Samhain Publishing, $5.50, ISBN 1-60504-125-4
Romantic Suspense, 2008
Poor Elyse Cabot, and I don’t say that because she is still using her ex-husband’s last name despite the fact that they have been divorced for three years or so now. She is convinced that her ex-husband Matthew isn’t dead, but is currently posing as his twin brother Jonathan. Jonathan was the one who died. Clearly, something shady is going on with Matthew but Elyse has no idea how she can get in touch with Matthew in order to figure out what he is doing. The plot thickens when she discovers some diamonds locked and hidden away in Matthew’s safe deposit box. Fortunately, Jack Walling, Jonathan’s friend, is a PI who can help, although he too is convinced that Elyse is seeing things.
This story confuses me, especially when early in the story, Elyse encounters a man in a Freddy Krueger mask who pulls out a gun on her. After managing to get away from him, she… doesn’t do anything. She knows that Matthew wants the diamonds, but she will keep them until he comes clean with her about his plans. Don’t ask me what she intends to do with the knowledge. Wish him luck and tell him to enjoy whichever country he is going to flee to with those diamonds, I’d imagine. Honestly, if she intends to sell those diamonds herself, I’d understand why she wants to keep them. But in this story, even after getting pointed at with a gun by sinister strangers, Elyse continues to wander around in this story in some kind of weird daze.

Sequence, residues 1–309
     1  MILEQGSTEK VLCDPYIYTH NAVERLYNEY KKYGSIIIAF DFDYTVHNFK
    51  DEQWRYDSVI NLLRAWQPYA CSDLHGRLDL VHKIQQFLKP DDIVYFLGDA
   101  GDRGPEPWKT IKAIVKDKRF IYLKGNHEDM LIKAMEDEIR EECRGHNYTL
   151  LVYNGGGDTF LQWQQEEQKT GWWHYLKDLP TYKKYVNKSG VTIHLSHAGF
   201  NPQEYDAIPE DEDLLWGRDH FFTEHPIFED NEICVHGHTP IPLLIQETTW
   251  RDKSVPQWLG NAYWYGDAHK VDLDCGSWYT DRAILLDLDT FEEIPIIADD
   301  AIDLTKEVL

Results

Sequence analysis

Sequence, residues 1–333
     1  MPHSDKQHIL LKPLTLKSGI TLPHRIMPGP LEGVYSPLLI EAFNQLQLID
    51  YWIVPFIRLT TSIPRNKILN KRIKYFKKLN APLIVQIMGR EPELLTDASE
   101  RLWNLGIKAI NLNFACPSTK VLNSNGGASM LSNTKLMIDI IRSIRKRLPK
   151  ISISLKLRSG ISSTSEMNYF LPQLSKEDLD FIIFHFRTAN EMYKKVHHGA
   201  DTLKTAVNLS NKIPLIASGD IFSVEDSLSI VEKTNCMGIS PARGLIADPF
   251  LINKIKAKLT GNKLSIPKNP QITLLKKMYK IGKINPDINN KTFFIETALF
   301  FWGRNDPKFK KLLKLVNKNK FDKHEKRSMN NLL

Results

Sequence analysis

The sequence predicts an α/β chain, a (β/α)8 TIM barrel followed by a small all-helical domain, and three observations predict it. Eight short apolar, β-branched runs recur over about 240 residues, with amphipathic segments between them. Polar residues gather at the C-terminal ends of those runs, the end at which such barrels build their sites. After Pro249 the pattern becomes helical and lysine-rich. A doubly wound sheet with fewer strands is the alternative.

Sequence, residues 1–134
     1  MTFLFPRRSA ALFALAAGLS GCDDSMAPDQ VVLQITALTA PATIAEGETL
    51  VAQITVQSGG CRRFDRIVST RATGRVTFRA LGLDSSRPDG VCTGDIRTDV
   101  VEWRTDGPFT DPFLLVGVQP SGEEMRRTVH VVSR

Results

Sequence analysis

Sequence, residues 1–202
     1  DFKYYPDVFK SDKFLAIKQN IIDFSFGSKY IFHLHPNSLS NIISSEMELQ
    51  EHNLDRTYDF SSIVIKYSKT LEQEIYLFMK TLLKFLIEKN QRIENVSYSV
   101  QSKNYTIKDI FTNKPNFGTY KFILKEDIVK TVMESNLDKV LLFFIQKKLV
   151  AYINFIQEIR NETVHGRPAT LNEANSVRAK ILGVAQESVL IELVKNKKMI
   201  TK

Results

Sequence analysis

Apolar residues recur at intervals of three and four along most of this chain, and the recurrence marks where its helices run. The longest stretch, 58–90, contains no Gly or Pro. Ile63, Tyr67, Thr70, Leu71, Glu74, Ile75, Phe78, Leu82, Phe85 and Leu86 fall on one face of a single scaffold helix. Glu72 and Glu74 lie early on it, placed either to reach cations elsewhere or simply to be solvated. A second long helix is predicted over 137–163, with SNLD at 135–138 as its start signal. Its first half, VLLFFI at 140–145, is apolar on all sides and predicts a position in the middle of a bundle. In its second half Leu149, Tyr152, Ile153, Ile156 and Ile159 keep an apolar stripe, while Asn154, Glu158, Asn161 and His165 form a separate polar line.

As the story continues, I learn from Elyse herself how horrible Matthew was as an ex-husband. And yet, when the story opens, she is still pining after him three years after the divorce! Is she feeling well? I don’t think she’s completely right in the head, to be honest, because she spends the whole story wandering around dazed or confused when she’s not blinking like a stunned goldfish or undergoing weird mood swings. Because Elyse is a poorly drawn character, I have a hard time mustering any enthusiasm for her romance with Jack. I don’t even have much interest for the mystery, especially when the heroine just stumbles upon it without having any clear idea as to what she wants to do with the answers she may find.
In other words, Trading Faces is a hard one for me to appreciate due to a poorly drawn heroine with often bizarre motivations and a tendency to behave in ways that suggest, to me, that she may be snorting a few lines of white powder now and then on the sly.